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It’s impossible to argue that Colin Trevorrow has some insightful observations to make about consumerism and corporate excess as audiences are invited back to Isla Nublar, home of the disastrous events that unfolded in Jurassic Park (and now Jurassic World). It’s the sight where dinosaurs are now genetically altered out of greed to keep jaded tourists interested and willing to keep spending money on merchandise and admission. Unfortunately, Trevorrow spends no energy establishing interesting characters, compelling narrative nor any sense of awe or wonder. Trevorrow has in fact created the movie that he has spent much of his creative energy criticizing and offers no solutions to the problem.

A pair of young siblings Zach and Gray Mitchell are the characters served to guide the audience on this new adventure as they visit their aunt Claire (Bryce Dallas Howard), who happens to be the park’s operations manager. Although she isn’t in a hurry to spend much time with them. There’s a dramatic subplot involving their parent’s pending divorce that is strangely dropped as soon as it’s introduced. Much like the circumstances of Claire’s relationship with the Velociraptor trainer Owen (Chris Pratt), it becomes a missed opportunity in establishing any sense of who these characters are and why I should care if they live or die. In fairness to Howard and Pratt, they certainly seem to make the most out of what they had to work with, but Owen is a character who’s destined to fail from the get go. Never once does this character show any internal conflict or weakness, he’s a one dimensional hero archetype that not only isn’t relatable but a character whom I never felt was in any sense of danger.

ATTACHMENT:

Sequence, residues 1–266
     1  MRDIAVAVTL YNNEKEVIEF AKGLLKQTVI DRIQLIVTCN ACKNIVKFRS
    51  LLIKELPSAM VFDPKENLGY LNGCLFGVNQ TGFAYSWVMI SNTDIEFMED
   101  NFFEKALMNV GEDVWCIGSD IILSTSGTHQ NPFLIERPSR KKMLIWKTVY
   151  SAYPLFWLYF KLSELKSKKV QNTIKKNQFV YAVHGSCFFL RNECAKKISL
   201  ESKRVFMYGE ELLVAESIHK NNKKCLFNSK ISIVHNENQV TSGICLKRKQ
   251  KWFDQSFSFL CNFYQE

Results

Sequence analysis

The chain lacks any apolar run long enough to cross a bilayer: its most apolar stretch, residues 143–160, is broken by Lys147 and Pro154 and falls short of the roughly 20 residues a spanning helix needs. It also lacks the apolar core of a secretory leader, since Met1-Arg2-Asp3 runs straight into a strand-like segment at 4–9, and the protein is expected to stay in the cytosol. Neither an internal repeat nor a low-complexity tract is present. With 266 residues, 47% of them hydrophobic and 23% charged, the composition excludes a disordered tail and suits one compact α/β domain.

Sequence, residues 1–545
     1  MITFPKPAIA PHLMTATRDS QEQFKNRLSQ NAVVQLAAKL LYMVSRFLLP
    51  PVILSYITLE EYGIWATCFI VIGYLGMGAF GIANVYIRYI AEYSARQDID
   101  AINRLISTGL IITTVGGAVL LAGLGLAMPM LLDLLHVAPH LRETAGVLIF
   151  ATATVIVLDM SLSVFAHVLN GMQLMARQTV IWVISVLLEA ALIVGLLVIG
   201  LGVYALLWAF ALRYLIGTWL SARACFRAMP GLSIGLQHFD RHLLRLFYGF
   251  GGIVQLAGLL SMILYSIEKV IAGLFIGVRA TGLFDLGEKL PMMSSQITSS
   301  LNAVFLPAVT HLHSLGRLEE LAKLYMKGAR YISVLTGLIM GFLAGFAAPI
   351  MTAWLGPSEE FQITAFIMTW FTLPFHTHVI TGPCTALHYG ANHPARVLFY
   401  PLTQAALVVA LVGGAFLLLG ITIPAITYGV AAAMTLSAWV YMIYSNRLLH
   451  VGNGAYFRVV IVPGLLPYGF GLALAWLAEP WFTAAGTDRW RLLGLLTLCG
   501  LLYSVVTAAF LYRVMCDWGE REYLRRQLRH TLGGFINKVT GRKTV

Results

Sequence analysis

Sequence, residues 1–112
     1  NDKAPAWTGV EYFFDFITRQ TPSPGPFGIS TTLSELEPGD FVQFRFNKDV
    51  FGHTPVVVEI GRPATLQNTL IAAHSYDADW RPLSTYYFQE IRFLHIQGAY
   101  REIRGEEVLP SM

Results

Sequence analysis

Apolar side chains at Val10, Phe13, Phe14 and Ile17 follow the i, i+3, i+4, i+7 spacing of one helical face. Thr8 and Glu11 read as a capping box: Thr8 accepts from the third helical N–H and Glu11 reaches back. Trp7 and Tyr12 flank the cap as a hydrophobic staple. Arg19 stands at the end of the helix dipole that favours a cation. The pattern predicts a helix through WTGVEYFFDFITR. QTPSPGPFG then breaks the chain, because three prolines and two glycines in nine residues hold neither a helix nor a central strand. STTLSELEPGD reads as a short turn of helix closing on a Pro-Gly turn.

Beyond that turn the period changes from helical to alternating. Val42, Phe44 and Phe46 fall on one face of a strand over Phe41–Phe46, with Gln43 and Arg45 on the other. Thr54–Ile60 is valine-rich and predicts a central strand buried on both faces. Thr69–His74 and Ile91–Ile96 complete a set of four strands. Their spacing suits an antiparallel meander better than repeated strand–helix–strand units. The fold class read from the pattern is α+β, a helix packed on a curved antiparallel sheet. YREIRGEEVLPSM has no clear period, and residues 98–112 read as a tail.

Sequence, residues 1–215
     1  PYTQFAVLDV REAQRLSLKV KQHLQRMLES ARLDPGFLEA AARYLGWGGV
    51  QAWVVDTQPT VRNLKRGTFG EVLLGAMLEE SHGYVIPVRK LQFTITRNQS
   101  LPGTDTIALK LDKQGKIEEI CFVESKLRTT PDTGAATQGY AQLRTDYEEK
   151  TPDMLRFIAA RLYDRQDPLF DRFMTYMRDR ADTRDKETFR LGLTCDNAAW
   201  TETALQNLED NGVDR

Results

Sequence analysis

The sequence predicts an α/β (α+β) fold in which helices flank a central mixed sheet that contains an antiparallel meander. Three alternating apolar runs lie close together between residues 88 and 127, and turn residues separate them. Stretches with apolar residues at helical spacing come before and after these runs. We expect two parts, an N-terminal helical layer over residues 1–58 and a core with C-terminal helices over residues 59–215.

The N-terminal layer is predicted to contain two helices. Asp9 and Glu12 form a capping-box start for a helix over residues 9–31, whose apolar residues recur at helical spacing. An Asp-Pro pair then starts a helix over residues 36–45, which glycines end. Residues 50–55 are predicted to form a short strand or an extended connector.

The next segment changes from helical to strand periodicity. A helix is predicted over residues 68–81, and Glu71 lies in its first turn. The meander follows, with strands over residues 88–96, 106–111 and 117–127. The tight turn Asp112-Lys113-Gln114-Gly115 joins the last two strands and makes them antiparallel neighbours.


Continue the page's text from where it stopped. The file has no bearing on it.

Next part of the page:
The Indominus Rex is a hybrid killing machine basically symbolizing the wants that self-entitled fans demand in their beloved entertainment properties and rids the narrative of helpless characters with a body count that would make Jason Voorhees blush. The contempt that Trevorrow seems to have against his own narrative is never more clearly displayed than the cold and undeserving comeuppance of Claire’s assistant. This plays as another excuse to jolt the audience with something to make up for the lack of drama or characterization from the human characters. There is some inspiring cinematography from John Schwartzman who really breathes life into the exterior jungle scenes. He actually shot this on 35mm and 65mm film, even using one of the 65mm cameras used on 2001: A Space Odyssey. It’s a shame that most of the gorgeous background is mostly distracted by uninspired mayhem.

Colin Trevorrow wasn’t offered this project with a clean slate and some of the creative choices were implemented by Stephen Spielberg from the very beginning. That being said, Trevorrow essentially ended up with final cut on this movie and any fault with the narrative, tone and overall end result deserves his fair share of the credit or blame. I think Trevorrow has some really good ideas. With a better focus on the narrative, he could have made this one hell of an exciting, or compelling, monster movie. Perhaps Jurassic World proves that Colin Trevorrow wanted to make a fun monster flick involving dinosaurs, but was too busy complaining about why he was doing it.

The Author

Sean McClannahan

Sean McClannahan

Sean McClannahan is a freelance film journalist and is the founder of Movie Time And Beyond. His passion for movies and pop culture knows no limits.

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